Libya is a Continuation of Neocon War to Remake Middle East

Ron Paul

Statement on Libya – Defining U.S. National Security Interests, Before the Foreign Affairs Committee, US House of Representatives, 31 March 2011

The American people have once again been suckered into an unconstitutional, undeclared, illegal, and unwise war. This is not a war in response to an attack on the United States. This is not a war against a regime that has threatened the United States. This is a preventative war. The president never claimed that any large-scale slaughter of civilians was taking place in Libya. Rather, the president has spent close to a billion dollars – so far – bombing a country because its government might at some point harm its civilians.

The president consulted NATO, the United Nations, and the Arab League for permission and authorization to use US military force against Libya. He ignored the one body that has the legal authority to grant that permission, the US Congress.

While we have not seen credible proof – nor has it been claimed – that the Gaddafi regime has engaged in any large-scale slaughter of Libyan civilians, we see increasing reports of civilians who have been killed in airstrikes by the forces that are supposed to protect them! It seems we may be causing the very problem our intervention was supposed to prevent.

After days of the administration’s public speculation about whether or not to arm the Libyan rebels, we hear from the media that the president already instructed the CIA to arm and assist the rebels several weeks ago. So we have gone from the phony pretext of stopping a massacre of civilians to engaging the US military and covert operatives directly to fight on one side of a civil war.

Who are the rebels we are fighting for in Libya? We don’t fully know. Press reports suggest that there are some 1,000 jihadists fighting on their behalf. Are we arming al Qaeda in Libya? It certainly appears possible.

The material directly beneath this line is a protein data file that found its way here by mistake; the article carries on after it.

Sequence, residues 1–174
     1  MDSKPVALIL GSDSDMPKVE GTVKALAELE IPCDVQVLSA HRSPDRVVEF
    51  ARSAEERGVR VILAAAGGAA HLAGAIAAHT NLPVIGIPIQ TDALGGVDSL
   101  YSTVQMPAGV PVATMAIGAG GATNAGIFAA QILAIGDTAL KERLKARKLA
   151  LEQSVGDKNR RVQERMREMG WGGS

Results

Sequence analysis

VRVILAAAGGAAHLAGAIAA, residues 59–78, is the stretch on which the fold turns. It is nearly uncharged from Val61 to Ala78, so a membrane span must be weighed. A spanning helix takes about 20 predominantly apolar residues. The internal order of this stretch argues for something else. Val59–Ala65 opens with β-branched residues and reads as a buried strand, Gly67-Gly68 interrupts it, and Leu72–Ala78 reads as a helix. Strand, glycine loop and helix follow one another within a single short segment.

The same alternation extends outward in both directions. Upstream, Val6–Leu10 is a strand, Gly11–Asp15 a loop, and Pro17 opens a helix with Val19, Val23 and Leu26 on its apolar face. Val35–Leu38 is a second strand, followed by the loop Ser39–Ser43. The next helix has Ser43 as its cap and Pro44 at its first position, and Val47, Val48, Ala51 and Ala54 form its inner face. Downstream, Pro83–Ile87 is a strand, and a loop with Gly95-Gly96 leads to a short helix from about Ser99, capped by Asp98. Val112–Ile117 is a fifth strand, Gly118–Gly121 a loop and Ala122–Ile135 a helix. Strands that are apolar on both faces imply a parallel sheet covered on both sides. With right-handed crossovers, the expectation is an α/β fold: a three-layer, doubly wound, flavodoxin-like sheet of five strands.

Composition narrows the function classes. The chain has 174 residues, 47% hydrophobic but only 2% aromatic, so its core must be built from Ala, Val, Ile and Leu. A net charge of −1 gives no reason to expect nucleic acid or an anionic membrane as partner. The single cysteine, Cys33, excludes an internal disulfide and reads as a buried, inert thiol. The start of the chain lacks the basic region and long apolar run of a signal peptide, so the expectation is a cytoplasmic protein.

This is not really a new war. It is in fact a continuation of the neoconservatives’ 22-year war to remake the Middle East. Unfortunately the president has ignored the US constitution and decided instead to continue this misguided policy. This is a deeply flawed foreign policy that will only lead to escalation, blowback, and unintended consequences. Ultimately it is leading us to financial catastrophe. We must abandon the fantasy that we can police the world before it’s too late. Congress must stand up and say “no” to this illegal war.

For another take on the Neocon Middle East agenda see here

For an interview with 4 Star General Wesley Clark on Pentagon Middle East master plan see here

I wear many hats but history, economics and political observance have always been a passion. I am a graduate of the University of Cincinnati College of Business with a degree in Information Systems and Digital Business with a minor in European History. I work for a small mom-and-pop IT consulting and software design company. We deal in servicing mostly government funded non-profit mental and behavioral health care agencies in the state of Ohio. In this I deal with Medicaid and Medicare funds and have a little insight on the boondoggles of government there. Thankfully the undemanding nature of my daily profession gives me ample time to read and stay aware of our current state of affairs which I find stranger than fiction in many instances. In addition to being in the IT field, I have also been self employed with a small contracting company so I might know a thing or two about the plight of small business that employs 71% of the American workforce. I however don't draw my knowledge from my day jobs, which I have had a few; I draw it from an intense obsession with facts and observation about the world in which I live. I do have formal education in things such as history, economics and finance particularly as it pertains to global issues, but I have come to find much of what I thought I knew from the formalities of a state university I had to unlearn through much time and independent research. I hope you enjoy what I bring you which is not often heard in the mainstream news outlets. I would like to think my own personal editorializing is not only edifying but thought provoking while not at all obnoxious. That last one may be a hard to achieve.

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